Andy Warhol also knew how to stand out personally.
He was bald. And incredibly insecure about it. Wearing wigs was considered to be a huge fashion faux pas.
His solution? He got silver wigs made for him. Wigs are used by men who are trying to secretly hide their baldness, whereas Warhol used obvious garish wigs to seemingly celebrate his baldness with style.
Andy Warhol’s wigs became part of his trademark look. He made wigs cool and stood out.
How to stand out? Art has always used the bizarre to get attention and create word of mouth.
What bizarre things can you introduce to your content to get people talking? How can you divide opinion and create word of mouth?
Turn your insecurities into your trademark 🧠
What is it? Turn insecurities into strengths.
Case Study - With nearly 2 million followers, Sweet Anita has built a huge loyal audience. She has done this despite her Tourette's.
Before streaming no one would employ her. She had a crippling insecurity about her Tourettes as it was the catalyst to years of bullying at school and social phobia.
She, however, faced her fears and started streaming. Anita blew up almost instantly. Tourettes is her trademark.
She is highly respected by her fans as someone who had the courage to face and overcome her fears. She has inspired thousands with her bravery.
Sweet Anita is a highly successful streamer earning a multiple six figure income.
She is quite possibly one of the sweetest and bravest people on the planet.
How to stand out? Everybody has insecurities. Use them to get noticed. Often it is our perceived weaknesses that become our greatest strengths.
If you try and hide your insecurities they become stronger, if you wear them front and centre not only will the insecurity disappear but people will respect you for your courage.
Fight the Status Quo 🧠
What is it? Similar to herd mentality, people follow the status quo. This is more of a stand against conventional thinking.
How to stand out? Every niche has bullshit. Call out the bullshit and position yourself differently.
Case Study # 1: James Smith has a 7 figure Online Personal Training business. He has Sunday Times best selling books, a huge online membership and even tours sold out theatres promoting his books and business philosophy.
James fights against diets, especially Keto and Paleo. He calls them out as overcomplicated bullshit designed to extract money from consumers.
James believes all you need to do to lose weight is eat less and exercise more.
He creates a lot of controversy and is impossible to ignore. He has millions of followers on social media as a result.
Case Study # 2: Rachel Sandy has gone from 0- 800k subscribers on TikTok in a matter of months. She is parodying famous artists and poking fun at their fans.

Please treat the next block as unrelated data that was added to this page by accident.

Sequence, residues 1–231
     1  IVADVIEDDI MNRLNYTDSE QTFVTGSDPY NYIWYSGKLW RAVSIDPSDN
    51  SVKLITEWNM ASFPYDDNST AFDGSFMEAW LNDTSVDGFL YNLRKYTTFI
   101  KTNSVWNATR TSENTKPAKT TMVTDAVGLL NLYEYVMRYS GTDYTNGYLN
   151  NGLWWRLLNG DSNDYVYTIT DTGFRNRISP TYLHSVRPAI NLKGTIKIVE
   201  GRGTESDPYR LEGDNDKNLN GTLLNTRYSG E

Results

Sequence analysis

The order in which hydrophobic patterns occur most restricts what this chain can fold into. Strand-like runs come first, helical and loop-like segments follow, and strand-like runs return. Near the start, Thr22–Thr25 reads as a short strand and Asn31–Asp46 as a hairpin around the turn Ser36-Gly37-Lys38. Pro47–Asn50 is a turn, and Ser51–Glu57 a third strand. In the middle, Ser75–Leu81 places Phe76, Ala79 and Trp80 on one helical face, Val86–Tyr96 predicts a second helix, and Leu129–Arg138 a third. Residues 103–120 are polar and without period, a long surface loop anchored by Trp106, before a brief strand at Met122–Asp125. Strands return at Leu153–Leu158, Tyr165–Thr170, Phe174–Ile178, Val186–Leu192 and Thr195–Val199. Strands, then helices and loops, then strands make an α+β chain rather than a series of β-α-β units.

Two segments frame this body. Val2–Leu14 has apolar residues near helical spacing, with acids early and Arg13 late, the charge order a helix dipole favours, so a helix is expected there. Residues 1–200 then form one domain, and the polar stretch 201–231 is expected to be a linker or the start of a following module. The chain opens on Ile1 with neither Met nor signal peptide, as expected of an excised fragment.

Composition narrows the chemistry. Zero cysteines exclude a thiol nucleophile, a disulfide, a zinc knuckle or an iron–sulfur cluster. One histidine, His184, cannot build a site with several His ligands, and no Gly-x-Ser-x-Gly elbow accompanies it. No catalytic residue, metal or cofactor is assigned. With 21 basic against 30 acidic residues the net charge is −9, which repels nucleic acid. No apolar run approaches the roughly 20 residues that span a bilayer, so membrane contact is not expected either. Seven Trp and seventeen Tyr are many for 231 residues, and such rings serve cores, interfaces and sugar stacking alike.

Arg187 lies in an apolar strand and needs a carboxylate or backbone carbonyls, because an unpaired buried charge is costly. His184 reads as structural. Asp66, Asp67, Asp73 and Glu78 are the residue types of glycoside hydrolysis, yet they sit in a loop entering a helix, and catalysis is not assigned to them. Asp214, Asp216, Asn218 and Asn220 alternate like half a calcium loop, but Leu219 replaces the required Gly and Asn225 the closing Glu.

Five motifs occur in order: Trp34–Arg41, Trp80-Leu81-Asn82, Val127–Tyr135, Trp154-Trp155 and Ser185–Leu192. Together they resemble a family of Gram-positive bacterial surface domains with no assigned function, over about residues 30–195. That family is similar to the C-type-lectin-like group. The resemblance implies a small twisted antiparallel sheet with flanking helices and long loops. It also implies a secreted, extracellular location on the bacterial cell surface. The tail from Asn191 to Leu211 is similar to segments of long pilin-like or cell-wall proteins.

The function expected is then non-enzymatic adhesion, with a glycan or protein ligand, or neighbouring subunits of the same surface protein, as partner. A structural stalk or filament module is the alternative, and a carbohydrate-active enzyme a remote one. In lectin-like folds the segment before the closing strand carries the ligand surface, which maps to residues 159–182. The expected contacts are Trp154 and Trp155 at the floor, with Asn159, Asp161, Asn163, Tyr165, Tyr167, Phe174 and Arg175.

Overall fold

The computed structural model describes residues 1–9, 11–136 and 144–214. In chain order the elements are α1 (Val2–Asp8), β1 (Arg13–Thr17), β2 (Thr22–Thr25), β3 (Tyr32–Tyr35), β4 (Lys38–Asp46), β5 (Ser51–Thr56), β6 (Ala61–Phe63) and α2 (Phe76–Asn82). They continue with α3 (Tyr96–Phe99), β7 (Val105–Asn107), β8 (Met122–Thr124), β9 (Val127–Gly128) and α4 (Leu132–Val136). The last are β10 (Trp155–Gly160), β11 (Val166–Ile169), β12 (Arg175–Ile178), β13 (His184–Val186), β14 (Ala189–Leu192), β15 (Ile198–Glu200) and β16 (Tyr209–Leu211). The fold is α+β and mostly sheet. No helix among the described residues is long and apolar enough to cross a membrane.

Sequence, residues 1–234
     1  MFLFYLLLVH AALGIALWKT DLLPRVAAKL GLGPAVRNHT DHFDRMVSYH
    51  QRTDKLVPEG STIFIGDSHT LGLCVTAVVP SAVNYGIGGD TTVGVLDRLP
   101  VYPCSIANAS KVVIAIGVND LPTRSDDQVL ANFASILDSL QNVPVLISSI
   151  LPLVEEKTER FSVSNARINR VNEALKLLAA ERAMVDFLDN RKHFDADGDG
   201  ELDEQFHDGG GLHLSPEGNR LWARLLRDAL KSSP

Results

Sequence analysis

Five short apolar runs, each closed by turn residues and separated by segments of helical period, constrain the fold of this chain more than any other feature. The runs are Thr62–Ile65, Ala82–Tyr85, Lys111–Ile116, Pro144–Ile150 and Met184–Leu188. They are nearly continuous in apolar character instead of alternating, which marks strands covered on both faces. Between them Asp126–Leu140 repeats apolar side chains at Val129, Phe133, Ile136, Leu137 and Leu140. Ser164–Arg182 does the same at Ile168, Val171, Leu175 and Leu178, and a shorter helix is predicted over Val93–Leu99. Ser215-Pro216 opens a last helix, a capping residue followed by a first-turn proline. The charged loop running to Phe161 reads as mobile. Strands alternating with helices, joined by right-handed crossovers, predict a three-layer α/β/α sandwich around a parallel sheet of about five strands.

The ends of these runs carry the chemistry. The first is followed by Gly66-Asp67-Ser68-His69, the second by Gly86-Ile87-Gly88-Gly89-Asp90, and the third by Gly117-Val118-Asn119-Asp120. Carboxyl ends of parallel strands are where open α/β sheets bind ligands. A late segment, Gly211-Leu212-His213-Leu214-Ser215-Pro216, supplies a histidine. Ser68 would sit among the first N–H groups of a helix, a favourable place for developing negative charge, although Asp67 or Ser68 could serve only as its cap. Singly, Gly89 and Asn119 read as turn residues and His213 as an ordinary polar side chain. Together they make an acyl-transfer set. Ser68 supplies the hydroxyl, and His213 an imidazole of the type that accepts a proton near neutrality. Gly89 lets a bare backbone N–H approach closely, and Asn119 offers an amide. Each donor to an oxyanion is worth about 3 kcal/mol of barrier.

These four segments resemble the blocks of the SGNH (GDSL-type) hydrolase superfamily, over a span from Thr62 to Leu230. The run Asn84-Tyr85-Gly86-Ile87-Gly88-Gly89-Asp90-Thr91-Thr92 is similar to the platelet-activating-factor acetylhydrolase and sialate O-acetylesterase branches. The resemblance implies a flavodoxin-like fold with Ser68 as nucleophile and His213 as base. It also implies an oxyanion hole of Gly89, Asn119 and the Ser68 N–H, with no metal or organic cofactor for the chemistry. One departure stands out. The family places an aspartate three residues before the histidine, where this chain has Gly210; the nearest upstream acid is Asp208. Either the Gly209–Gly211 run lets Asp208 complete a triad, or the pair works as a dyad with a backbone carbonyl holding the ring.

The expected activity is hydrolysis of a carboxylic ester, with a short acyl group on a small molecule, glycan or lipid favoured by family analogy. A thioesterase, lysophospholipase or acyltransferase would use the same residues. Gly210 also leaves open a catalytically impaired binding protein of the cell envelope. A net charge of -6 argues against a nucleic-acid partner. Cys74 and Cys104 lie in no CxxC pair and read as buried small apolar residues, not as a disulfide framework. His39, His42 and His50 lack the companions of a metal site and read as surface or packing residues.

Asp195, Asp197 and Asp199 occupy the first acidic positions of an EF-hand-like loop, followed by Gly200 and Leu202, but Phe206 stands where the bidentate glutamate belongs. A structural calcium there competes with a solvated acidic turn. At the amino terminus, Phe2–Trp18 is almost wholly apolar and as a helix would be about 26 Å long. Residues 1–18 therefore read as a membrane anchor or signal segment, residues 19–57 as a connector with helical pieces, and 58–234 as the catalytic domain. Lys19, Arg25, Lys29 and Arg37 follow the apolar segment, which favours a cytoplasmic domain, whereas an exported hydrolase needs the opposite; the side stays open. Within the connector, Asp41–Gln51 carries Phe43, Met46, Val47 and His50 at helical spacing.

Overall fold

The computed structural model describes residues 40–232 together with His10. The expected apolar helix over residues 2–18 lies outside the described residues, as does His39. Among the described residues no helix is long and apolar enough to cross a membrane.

She’s not being aggressive, more playful. She has divided opinion and created word of mouth.
Rachel has only posted 12 videos at the time of writing.
How to take action? To stand out you have to stand against something. Couple of caveats:
You need to be genuine, you can’t fake your opinion
Don’t be a troll. Be sincere and use your contrarian point of view with integrity
Celebrity beef 🧠
What is it? People fucking love gossip and drama
Case Study: Kanye West is the master of celebrity beefs. He has had high profile fallouts with Jay Z and Taylor Swift all of which keep people talking.
Machine-gun Kelly and Eminem. Vin Diesel and the Rock. The list goes on and on. Are some beefs real? Sure.
Are some orchestrated for the mutual promotional benefit of both parties? Of course. It happens all the time.
This is an old school strategy but very effective.
How to take action? Who are the celebrities in your niche? Do they use a lot of BS? Call out their methods. Start some beef with them.
Strongly disagree with the productivity porn movement? Then call out Gary V.
Think Simon Sinek is full of shit? Then write an article like this and go viral
👉 Again the caveat is don’t be a troll. Don’t make it personal. Just stand against the bullshit you genuinely disagree with.
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A bit about me
I’m Jake. I’m an ex- multi-platinum artist manager. I created strategies and built audiences for artists who sold millions.
Too Much to do? Don’t know where to start?
I help artists, creators and indie founders get unstuck and build no bullshit step by step creative strategies to achieve their long term goals
I do discovery calls to see if we’re a good fit.
Cost? $0.00 Commitment? Zero. Time? 30 minutes
More info? Go here